The skin may also turn reddish or brown.
Varicose vein bleeding is relatively uncommon, especially in large bulbous type varicose veins.
If bleeding does occur, it tends to be from very shallow and smaller venous blisters on the skin.
Vein bleeding can be difficult to control. It may even require hospital treatment.
The diagnosis of venous diseases is simple and non-invasive. First, your health history is reviewed, and then a brief physical exam is performed.
When evaluating varicose veins or spider veins, it is important to know the root cause of the problem.
Venous ultrasound is the primary tool vascular surgeons use to evaluate leg veins.
Ultrasound works by measuring sound waves in tissue and generating images.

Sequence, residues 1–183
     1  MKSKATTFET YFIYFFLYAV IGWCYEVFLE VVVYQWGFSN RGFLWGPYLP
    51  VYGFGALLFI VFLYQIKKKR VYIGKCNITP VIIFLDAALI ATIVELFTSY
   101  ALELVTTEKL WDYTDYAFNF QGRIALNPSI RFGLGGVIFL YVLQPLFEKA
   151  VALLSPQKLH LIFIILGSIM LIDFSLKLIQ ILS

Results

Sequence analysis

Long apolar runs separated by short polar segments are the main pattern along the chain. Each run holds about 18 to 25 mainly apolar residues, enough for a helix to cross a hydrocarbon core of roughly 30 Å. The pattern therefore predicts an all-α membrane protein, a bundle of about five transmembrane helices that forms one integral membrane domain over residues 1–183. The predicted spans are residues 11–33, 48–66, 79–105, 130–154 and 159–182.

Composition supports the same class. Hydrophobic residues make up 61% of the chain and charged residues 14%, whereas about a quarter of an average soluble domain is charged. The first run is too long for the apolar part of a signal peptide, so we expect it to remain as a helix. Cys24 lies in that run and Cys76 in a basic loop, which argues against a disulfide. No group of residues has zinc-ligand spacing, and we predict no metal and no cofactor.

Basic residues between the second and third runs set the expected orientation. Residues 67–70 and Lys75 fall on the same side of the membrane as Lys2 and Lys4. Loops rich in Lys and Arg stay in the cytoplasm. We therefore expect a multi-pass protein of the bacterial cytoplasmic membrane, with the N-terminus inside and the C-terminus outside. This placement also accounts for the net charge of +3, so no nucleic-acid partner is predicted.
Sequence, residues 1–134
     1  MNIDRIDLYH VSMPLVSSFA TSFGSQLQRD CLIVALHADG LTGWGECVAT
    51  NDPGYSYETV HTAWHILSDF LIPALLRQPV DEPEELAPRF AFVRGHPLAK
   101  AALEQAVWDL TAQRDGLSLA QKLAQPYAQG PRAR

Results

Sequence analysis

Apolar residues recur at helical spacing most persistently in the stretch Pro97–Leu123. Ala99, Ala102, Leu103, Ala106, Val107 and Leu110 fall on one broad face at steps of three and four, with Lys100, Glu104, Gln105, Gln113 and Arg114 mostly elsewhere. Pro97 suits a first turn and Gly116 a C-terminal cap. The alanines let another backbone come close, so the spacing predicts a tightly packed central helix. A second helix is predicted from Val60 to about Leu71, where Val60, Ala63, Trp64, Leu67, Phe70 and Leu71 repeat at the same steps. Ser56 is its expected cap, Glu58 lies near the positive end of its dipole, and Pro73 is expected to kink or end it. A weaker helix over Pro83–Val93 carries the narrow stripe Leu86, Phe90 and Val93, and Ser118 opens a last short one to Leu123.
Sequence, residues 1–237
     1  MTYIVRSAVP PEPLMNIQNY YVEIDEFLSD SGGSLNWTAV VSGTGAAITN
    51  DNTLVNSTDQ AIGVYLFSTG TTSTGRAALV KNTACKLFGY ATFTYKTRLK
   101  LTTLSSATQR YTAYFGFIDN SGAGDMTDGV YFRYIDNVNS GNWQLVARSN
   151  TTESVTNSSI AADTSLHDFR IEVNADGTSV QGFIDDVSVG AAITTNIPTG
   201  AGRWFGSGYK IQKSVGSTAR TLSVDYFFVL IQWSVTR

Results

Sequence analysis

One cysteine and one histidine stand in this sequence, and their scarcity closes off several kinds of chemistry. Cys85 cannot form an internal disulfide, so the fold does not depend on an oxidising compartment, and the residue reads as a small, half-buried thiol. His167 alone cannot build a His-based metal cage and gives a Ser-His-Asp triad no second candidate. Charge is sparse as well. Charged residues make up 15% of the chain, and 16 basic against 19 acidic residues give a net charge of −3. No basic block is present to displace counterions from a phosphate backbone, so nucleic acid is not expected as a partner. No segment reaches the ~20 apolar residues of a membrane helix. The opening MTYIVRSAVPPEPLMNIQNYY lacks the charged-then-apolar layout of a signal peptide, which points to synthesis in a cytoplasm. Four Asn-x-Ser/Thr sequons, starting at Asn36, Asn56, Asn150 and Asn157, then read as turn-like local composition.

From these images, you can see which veins are working well and which are leaking blood into the legs, causing increased pressure.
Most commonly, the causative vein will be the greater saphenous vein, which runs under the skin from the ankle to the groin, on the inner leg and thigh.
The ultrasound will evaluate the greater saphenous vein as well as the other major veins in the leg to see if there is insufficiency.
Furthermore, this study can also tell us if there are blood clots in the veins, which can be potentially dangerous. The ultrasound should take approximately 30-45 minutes.
Duplex ultrasound is a type of vascular ultrasound procedure performed to evaluate the blood flow and structure of the veins in the legs.
The term “duplex” refers to the fact that two ultrasound modes are used: Doppler and B-mode.
To a large extent, treatment will depend on where the main vascular problems in varicose veins occur, the distribution and tortuosity and severity of the veins.